3. Limit television viewing of these events. Limit television viewing and be aware if the television is on in common areas. Developmentally inappropriate information can cause anxiety or confusion, particularly in young children. Adults also need to be mindful of the content of conversations that they have with each other in front of children, even teenagers, and limit their exposure to vengeful, hateful, and angry comments that might be misunderstood
4. Maintain a normal routine. Keeping to a regular schedule can be reassuring and promote physical health. Ensure that children get plenty of sleep, regular meals, and exercise. Encourage them to keep up with their schoolwork and extracurricular activities but don’t push them if they seem overwhelmed. Children may exhibit fears of going to school but it is important to calmly tell them that their school is safe and they are expected to be there. If you are worried about your child’s reaction alert their teacher, or other staff (Principal, Asst Principal, nurse, School Psychologist, Adjustment Counselor) but hold the line; maintain the schedule.
Suggested Points to Emphasize When Talking to Children
- Don’t dwell on the worst possibilities. Although there is no absolute guarantee that something bad will never happen, it is important to understand the difference between the possibility of something happening and the probability that it will affect our school.
• Senseless violence is hard for everyone to understand. Doing things that you enjoy, sticking to your normal routine, and being with friends and family help make us feel better and keep us from worrying about the event.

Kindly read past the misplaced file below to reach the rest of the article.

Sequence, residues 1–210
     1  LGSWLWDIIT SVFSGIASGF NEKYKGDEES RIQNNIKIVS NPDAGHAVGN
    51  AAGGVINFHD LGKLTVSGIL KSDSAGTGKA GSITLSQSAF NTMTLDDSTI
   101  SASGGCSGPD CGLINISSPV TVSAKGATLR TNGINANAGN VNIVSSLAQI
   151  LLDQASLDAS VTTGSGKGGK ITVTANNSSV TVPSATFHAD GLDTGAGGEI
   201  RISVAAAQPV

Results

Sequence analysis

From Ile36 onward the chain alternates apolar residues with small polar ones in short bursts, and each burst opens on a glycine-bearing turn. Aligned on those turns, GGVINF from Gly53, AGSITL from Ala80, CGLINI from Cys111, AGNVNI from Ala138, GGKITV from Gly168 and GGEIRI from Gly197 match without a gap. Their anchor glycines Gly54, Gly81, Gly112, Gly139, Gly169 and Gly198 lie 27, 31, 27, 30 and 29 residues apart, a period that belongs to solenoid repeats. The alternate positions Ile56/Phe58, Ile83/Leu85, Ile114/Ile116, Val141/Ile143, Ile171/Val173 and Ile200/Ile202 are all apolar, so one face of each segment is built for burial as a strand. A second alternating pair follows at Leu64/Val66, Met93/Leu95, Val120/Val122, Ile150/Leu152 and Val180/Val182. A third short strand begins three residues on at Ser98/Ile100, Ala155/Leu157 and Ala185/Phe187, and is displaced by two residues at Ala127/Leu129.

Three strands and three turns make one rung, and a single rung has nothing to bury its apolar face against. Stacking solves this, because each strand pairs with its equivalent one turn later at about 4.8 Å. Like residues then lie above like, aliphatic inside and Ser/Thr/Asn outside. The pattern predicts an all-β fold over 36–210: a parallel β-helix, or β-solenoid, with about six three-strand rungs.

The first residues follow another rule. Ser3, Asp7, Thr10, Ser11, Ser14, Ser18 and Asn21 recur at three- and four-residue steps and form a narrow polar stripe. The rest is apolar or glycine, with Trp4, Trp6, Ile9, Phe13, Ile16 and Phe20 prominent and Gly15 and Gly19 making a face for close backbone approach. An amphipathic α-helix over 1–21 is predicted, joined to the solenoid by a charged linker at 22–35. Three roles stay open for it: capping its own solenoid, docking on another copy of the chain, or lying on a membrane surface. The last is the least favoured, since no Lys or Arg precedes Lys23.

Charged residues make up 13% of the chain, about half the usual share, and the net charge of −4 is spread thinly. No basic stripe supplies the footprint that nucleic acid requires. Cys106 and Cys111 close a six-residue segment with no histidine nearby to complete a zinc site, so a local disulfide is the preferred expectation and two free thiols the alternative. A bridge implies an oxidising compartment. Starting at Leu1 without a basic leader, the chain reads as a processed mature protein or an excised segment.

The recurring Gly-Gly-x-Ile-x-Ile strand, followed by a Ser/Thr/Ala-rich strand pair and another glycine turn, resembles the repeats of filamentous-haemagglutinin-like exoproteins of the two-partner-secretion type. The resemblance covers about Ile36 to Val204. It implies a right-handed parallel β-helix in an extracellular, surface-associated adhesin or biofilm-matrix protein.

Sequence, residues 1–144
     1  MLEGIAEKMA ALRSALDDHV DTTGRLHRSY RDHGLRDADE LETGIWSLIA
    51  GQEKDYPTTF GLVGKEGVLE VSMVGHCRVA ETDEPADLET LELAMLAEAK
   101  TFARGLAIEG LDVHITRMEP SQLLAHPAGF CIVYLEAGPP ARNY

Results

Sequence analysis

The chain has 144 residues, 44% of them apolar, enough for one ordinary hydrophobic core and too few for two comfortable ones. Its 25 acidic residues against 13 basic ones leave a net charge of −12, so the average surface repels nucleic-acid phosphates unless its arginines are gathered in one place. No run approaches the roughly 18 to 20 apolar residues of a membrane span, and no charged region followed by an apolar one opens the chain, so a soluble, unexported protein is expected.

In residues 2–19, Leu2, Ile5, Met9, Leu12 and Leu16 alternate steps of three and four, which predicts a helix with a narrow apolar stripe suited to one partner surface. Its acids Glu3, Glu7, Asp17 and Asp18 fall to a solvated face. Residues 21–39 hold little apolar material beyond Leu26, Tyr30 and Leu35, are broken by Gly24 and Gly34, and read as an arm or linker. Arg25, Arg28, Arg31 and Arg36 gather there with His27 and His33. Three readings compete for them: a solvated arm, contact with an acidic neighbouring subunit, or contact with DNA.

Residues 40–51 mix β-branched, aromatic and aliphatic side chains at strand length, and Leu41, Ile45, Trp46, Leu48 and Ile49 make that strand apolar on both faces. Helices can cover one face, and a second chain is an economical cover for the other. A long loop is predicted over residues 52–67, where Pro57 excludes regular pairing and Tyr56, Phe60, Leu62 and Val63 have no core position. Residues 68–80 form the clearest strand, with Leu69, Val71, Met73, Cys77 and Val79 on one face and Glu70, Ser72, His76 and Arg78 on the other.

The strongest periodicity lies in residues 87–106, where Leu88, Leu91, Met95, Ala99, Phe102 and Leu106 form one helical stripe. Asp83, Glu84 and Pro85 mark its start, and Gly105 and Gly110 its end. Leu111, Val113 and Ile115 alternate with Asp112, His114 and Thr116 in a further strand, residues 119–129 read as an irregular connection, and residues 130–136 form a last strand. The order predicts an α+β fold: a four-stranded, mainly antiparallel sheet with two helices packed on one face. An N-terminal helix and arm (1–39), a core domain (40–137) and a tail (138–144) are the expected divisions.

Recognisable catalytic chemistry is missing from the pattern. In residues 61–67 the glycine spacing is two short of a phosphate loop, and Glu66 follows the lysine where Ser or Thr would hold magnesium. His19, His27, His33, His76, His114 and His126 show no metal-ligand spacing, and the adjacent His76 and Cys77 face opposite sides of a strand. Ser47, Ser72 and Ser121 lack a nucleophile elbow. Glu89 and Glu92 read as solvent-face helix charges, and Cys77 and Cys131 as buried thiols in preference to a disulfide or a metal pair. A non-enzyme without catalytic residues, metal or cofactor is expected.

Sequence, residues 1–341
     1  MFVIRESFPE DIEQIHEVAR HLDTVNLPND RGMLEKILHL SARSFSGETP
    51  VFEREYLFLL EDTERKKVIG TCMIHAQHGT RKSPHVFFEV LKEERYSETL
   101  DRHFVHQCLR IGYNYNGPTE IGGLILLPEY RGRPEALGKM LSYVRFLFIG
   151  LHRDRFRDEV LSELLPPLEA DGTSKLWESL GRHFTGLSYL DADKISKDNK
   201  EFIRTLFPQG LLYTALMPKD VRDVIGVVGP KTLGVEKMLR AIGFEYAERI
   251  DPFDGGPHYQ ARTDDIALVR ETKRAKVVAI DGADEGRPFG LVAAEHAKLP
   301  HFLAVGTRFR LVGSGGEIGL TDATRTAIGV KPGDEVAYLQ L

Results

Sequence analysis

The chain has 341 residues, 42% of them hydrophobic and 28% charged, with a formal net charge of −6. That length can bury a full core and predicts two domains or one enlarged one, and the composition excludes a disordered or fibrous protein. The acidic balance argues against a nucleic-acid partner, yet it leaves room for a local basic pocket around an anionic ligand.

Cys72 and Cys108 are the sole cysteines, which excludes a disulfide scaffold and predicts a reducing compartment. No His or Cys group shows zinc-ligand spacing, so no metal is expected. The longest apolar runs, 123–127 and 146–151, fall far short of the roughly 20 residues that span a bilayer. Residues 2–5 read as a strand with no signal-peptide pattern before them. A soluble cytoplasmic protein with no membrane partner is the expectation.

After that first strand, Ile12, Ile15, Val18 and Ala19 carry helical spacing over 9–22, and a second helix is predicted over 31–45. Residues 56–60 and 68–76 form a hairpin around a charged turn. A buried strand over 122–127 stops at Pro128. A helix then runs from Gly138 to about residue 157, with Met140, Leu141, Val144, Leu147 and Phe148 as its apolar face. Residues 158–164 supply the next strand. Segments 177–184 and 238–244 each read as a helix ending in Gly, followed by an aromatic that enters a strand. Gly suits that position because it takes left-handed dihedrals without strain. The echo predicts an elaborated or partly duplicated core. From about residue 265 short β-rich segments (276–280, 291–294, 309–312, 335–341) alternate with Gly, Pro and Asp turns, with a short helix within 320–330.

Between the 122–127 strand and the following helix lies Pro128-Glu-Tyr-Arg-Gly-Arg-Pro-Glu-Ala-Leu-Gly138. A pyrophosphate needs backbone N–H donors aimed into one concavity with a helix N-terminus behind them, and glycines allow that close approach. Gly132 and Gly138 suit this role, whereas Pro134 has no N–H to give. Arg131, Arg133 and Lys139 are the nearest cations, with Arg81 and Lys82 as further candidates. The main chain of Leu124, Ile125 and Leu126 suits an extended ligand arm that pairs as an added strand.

• Sometimes people do bad things that hurt others. They may be unable to handle their anger, under the influence of drugs or alcohol, or suffering from mental illness. Adults (parents, teachers, police officers, doctors, faith leaders) work very hard to get those people help and keep them from hurting others. It is important for all of us to know how to get help if we feel really upset or angry and to stay away from drugs and alcohol.
• Stay away from guns and other weapons. Tell an adult if you know someone has a gun. Access to guns is one of the leading risk factors for deadly violence.
• Violence is never a solution to personal problems. Students can be part of the positive solution by participating in anti-violence programs at school, learning conflict mediation skills, and seeking help from an adult if they or a peer is struggling with anger, depression, or other emotions they cannot control. Sometimes helping children have a concrete way to help (make cards to send to the students at the effected school; make donations to anti-violence programs…)
Material drawn from National Association of School Psychologists